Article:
“Why, just a minute,” he repeated hesitantly. “We’re—it seems we’re finding out.”
“Did the yacht come?”
“Oh, yes—it’s here all right. At least I think so. If you’ll just wait in that chair.”
After another ten minutes Val looked impatiently at his watch. If they didn’t hurry he’d probably miss his train. He made a nervous movement as if to get up from his chair.
“Please sit still,” said the clerk, glancing at him quickly from his desk. “I ask you. Just sit down in that chair.”
Val stared at him. How could it possibly matter to the clerk whether or not he waited?
“I’ll miss my train,” he said impatiently. “I’m sorry to have given you all this bother—”
“Please sit still! We’re glad to get it off our hands. You see, we’ve been waiting for your inquiry for—ah—three years.”
Val jumped to his feet and jammed his hat on his head.
“Why didn’t you tell me that?” he demanded angrily.
“Because we had to get word to our—our client. Please don’t go! It’s—ah, it’s too late.”
Val turned. Someone slim and radiant with dark frightened eyes was standing behind him, framed against the sunshine of the doorway.
Val’s lips parted, but no words came through. She took a step toward him.
“I—” She looked at him helplessly, her eyes filling with tears. “I just wanted to say hello,” she murmured. “I’ve come back for three years just because I wanted to say hello.”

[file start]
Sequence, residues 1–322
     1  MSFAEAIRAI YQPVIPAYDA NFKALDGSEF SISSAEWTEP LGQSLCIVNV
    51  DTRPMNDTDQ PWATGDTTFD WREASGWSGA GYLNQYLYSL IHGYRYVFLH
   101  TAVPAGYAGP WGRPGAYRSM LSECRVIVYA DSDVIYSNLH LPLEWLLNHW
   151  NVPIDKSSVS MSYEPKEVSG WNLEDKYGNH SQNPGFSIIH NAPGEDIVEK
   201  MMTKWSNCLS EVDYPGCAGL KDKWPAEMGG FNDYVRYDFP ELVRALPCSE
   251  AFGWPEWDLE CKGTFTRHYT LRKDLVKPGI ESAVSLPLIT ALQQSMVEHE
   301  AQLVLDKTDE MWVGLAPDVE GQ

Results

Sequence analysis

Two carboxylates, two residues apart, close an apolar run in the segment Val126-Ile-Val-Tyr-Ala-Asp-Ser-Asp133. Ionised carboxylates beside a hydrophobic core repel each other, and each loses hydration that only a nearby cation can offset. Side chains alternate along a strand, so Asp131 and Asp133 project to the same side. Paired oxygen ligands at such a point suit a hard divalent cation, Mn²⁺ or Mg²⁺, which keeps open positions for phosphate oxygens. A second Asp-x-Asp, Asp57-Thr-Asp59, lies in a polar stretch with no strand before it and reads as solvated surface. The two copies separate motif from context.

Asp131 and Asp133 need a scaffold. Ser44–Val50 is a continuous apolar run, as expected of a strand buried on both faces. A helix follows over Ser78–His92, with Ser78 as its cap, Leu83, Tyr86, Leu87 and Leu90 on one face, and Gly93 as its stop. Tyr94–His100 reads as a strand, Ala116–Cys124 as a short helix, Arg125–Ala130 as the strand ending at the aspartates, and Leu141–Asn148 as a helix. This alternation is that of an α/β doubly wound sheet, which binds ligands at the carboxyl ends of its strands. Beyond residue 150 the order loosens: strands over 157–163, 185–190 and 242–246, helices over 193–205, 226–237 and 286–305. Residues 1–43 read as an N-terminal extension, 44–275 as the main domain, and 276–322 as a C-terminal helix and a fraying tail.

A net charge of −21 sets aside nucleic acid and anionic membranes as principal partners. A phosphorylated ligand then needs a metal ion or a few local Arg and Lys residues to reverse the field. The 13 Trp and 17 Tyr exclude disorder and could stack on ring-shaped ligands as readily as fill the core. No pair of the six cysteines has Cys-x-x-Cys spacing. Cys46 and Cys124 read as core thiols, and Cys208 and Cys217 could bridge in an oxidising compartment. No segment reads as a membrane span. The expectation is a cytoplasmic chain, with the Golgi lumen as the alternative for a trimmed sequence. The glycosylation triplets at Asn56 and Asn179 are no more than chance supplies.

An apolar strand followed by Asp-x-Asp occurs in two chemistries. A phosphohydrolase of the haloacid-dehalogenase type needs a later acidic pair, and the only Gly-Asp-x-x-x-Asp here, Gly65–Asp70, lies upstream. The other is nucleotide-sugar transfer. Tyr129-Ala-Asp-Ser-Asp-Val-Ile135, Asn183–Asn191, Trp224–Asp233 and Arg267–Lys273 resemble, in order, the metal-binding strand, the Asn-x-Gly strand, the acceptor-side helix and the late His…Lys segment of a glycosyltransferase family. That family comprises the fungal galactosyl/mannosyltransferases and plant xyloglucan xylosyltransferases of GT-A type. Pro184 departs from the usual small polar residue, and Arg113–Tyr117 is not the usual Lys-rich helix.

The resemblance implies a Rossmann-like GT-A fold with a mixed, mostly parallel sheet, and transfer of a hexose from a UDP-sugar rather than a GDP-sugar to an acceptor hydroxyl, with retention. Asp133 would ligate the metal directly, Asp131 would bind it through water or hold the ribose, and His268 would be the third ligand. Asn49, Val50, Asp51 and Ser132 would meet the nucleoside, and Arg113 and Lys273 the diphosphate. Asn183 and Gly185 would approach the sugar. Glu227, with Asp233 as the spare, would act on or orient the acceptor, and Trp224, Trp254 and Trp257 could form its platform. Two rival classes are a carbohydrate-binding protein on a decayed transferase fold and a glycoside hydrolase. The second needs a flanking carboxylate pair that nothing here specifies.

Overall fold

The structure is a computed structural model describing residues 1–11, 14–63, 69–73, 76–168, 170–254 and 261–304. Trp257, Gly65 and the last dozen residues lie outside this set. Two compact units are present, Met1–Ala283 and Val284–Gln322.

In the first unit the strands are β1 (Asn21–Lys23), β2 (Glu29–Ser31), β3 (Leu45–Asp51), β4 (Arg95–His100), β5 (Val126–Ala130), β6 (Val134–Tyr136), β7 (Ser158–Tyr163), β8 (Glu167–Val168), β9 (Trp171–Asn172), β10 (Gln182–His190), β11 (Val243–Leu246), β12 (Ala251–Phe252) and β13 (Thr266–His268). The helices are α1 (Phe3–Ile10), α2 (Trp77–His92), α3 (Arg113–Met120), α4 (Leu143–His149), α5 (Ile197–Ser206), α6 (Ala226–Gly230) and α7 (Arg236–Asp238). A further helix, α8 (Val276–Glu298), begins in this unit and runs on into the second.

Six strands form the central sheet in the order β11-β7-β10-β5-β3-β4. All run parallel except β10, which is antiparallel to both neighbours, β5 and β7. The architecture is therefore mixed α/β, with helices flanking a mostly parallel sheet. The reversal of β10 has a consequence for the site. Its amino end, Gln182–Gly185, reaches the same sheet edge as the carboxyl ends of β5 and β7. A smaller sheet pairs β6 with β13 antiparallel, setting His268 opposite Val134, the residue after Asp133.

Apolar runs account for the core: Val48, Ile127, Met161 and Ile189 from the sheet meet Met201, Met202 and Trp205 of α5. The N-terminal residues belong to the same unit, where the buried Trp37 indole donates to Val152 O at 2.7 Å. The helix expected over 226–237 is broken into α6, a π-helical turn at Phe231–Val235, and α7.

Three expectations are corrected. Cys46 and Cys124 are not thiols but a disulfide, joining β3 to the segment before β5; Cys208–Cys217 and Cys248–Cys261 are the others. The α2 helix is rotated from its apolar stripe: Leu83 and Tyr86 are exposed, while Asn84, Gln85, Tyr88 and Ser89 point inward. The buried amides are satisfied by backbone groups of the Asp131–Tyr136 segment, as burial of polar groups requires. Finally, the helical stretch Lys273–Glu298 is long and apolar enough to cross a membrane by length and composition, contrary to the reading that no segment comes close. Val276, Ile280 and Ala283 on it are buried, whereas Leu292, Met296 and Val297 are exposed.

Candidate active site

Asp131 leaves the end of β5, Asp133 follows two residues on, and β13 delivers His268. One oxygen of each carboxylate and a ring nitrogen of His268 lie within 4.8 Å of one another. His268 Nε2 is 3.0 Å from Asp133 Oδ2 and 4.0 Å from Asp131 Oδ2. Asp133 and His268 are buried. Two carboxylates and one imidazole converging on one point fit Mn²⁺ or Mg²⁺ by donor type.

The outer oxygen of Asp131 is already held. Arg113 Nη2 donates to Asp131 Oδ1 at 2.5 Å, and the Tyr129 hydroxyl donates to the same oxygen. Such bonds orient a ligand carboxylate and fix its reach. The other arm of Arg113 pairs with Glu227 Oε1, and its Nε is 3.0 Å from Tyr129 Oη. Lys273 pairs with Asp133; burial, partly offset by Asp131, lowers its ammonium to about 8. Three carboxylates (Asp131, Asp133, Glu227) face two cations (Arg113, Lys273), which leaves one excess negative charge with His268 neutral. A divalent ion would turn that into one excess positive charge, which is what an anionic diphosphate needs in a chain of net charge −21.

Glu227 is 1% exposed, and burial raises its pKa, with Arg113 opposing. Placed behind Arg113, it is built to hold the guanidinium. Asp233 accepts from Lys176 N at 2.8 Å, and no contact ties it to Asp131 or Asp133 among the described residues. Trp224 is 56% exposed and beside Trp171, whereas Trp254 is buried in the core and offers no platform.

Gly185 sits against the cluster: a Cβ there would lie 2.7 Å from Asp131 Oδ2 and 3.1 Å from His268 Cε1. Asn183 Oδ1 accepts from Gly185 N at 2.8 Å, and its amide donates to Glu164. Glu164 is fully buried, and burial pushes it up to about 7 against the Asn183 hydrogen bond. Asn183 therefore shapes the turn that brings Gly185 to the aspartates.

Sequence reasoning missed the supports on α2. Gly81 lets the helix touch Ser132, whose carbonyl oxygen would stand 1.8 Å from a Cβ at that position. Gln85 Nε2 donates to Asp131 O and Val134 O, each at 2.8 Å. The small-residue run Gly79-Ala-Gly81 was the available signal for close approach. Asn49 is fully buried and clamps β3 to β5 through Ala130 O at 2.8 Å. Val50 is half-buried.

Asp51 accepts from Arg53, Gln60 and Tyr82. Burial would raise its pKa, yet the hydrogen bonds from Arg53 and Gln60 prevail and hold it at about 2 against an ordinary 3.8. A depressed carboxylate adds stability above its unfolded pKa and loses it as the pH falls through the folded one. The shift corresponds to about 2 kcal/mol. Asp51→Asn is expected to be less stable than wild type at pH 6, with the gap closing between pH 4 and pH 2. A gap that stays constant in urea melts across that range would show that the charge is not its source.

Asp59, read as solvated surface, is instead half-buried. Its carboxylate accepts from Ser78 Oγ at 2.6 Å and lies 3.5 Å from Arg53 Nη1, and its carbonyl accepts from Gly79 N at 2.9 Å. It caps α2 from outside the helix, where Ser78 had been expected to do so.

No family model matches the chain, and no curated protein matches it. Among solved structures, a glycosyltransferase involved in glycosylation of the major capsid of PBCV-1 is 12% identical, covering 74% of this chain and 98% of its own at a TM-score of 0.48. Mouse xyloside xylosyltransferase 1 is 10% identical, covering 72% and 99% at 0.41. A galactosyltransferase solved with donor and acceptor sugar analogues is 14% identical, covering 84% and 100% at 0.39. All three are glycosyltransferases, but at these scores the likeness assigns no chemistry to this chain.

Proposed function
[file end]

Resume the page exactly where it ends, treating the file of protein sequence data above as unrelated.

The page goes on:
Still Val was silent.
“You might answer,” she said impatiently. “You might answer when I’d—when I’d just about begun to think you’d been killed in the war.” She turned to the clerk. “Please introduce us!” she cried. “You see, I can’t say hello to him when we don’t even know each other’s names.”
It’s the thing to distrust these international marriages, of course. It’s an American tradition that they always turn out badly, and we are accustomed to such headlines as: “Would Trade Coronet for True American Love, Says Duchess,” and “Claims Count Mendicant Tortured Toledo Wife.” The other sort of headlines are never printed, for who would want to read: “Castle is Love Nest, Asserts Former Georgia Belle,” or “Duke and Packer’s Daughter Celebrate Golden Honeymoon.”
So far there have been no headlines at all about the young Rostoffs. Prince Val is much too absorbed in that string of moonlight-blue taxicabs which he manipulates with such unusual efficiency, to give out interviews. He and his wife only leave New York once a year—but there is still a boatman who rejoices when the Privateer steams into Cannes harbor on a mid-April night.
Published in "Saturday Evening Post" (14 March 1925)